The nation has been grappling with an opioid crisis for years. In 2017 alone, there were 47,600 opioid-related overdose deaths in the United States. It continues to be a public health emergency. U.S. Department of Health & Human Services Office of the Inspector General has been tracking opioid use in Medicare during this crisis, particularly since 2016.
In a statement, the Centers for Medicare & Medicaid Services said: “Fighting the opioid epidemic has been a top priority for the Trump administration. We are encouraged by the OIG’s conclusion which finds significant progress has been made in our efforts to decrease opioid misuse while simultaneously increasing medication-assisted treatment in the Medicare Part D program.”
OIG has identified beneficiaries at serious risk of misuse or overdose and has identified prescribers with questionable prescribing for these beneficiaries. These types of analyses are crucial to understanding and addressing the national opioid crisis. Building on past OIG work, this data brief details opioid use in Medicare Part D in 2018 and trends in drugs used to treat opioid use disorder.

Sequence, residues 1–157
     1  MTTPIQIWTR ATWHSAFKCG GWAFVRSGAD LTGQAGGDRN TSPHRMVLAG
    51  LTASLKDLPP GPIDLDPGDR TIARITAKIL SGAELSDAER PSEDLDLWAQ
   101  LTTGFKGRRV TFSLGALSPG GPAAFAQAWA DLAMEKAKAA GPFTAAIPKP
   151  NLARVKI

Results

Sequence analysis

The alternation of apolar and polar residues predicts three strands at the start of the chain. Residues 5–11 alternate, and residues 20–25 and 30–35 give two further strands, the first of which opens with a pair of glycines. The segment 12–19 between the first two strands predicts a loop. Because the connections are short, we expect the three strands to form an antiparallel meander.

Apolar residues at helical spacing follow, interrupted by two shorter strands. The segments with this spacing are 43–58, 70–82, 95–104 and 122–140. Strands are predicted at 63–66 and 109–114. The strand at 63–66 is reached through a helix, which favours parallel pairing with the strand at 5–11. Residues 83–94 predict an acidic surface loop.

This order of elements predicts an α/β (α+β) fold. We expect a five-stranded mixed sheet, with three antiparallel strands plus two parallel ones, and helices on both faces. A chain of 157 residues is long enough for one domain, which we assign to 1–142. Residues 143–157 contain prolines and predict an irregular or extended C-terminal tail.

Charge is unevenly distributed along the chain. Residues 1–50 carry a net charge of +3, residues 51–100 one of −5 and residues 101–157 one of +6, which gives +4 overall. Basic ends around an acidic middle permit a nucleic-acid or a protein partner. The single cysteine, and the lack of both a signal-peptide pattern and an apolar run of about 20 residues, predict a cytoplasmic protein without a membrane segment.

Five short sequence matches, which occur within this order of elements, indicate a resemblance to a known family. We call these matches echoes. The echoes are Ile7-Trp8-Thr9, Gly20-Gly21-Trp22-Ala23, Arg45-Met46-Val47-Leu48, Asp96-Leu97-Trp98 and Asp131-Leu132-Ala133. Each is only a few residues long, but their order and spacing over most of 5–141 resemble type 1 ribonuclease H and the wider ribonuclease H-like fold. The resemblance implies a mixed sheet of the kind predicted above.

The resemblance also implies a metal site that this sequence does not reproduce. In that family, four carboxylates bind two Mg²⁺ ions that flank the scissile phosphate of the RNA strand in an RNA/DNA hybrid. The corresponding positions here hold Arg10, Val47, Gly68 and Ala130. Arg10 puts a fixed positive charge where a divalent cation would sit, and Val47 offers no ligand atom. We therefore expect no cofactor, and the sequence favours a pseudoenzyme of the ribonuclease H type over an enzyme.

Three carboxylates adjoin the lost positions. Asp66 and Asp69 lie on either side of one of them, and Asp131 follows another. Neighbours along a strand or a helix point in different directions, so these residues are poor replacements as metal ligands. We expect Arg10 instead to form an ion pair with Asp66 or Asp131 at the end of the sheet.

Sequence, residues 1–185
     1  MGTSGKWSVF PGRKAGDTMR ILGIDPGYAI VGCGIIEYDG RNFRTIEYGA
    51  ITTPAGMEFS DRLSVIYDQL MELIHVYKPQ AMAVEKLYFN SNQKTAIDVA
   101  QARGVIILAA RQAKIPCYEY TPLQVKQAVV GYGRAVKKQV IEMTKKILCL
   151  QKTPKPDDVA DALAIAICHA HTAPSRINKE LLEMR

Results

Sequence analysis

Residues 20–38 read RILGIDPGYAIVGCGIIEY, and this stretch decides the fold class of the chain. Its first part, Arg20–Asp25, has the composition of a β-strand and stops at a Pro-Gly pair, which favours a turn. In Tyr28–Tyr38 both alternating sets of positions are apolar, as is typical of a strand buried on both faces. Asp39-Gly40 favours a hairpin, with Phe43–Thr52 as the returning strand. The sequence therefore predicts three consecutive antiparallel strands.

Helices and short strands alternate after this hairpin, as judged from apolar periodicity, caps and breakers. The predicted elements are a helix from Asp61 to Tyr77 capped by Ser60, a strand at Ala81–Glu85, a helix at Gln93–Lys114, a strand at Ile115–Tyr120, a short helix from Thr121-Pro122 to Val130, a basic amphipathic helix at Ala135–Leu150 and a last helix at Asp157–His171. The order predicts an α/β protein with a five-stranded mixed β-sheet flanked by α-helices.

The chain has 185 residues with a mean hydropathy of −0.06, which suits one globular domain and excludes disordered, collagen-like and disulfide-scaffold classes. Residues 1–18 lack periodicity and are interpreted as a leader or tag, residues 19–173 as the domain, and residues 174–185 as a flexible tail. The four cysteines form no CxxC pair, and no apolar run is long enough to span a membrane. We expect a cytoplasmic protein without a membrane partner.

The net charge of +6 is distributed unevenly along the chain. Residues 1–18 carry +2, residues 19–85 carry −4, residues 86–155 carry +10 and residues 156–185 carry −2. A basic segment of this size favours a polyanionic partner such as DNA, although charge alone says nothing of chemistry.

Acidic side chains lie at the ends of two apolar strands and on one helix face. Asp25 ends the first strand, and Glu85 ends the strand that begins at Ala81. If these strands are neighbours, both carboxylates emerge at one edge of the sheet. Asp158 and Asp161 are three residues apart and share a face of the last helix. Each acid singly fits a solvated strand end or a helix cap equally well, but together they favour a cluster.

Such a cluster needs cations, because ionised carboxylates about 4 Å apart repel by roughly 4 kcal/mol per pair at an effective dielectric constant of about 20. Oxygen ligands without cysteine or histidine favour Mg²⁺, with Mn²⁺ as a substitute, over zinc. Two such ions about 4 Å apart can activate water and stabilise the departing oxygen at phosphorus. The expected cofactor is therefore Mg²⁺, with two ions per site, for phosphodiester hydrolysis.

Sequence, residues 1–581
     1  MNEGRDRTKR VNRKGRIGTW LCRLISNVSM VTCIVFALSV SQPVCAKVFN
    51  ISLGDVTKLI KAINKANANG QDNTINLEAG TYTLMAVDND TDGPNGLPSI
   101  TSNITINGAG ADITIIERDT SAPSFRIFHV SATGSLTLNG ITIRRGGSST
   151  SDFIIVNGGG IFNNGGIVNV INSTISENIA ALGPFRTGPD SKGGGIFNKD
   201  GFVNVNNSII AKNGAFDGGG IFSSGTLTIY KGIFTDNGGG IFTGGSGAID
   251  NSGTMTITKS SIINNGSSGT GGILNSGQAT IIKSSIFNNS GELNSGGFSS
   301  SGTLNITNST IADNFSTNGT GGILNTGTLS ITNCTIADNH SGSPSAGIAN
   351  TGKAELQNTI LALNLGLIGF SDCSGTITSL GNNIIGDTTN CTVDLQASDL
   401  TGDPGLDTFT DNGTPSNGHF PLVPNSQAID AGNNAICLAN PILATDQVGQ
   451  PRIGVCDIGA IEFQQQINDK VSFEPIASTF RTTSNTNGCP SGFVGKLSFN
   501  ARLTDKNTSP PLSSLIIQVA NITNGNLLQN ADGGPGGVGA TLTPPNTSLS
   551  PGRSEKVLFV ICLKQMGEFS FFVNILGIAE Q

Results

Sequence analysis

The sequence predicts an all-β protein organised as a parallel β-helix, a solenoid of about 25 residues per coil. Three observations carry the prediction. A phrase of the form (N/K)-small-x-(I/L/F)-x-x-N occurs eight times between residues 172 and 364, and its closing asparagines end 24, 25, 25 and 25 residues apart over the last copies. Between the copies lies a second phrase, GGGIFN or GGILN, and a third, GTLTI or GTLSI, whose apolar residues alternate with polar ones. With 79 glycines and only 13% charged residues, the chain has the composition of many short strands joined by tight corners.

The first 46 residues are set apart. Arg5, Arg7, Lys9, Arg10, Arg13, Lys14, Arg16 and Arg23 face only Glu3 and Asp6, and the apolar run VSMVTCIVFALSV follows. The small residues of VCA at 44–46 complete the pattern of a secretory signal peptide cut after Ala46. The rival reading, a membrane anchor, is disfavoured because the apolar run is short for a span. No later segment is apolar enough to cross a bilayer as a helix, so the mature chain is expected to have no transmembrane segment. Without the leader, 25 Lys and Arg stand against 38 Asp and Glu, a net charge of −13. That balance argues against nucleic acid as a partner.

We based this data brief on an analysis of Part D prescription drug event records for opioids received in 2018. We determined the beneficiaries’ morphine equivalent dose, which is a measure that converts all of the various opioids and strengths into one standard value.
WHAT WE FOUND
Alabama had the highest proportion of beneficiaries receiving opioids through Medicare Part D, while Hawaii had the lowest proportion.
- Nearly 3 in 10 Medicare Part D beneficiaries received opioids in 2018, a significant decrease from the previous 2 years.
- At the same time, the number of beneficiaries receiving drugs for medication-assisted treatment for opioid use disorder has steadily increased and reached 174,000 in 2018.
- In addition, the number of beneficiaries receiving prescriptions through Part D for naloxone-a drug that can reverse the effects of an opioid overdose-more than doubled from 2017 to 2018.
- About 354,000 beneficiaries received high amounts of opioids in 2018, with about 49,000 of them at serious risk of opioid misuse or overdose; this was fewer than in the previous 2 years.
- About 200 prescribers had questionable opioid prescribing for beneficiaries at serious risk.
WHAT WE CONCLUDE
Progress has been made in decreasing opioid use in Part D, increasing the use of drugs for medication-assisted treatment, and increasing the availability of naloxone. It is imperative for the Department of Health and Human Services-including CMS and OIG-to continue to implement effective strategies and develop new ones to address this epidemic.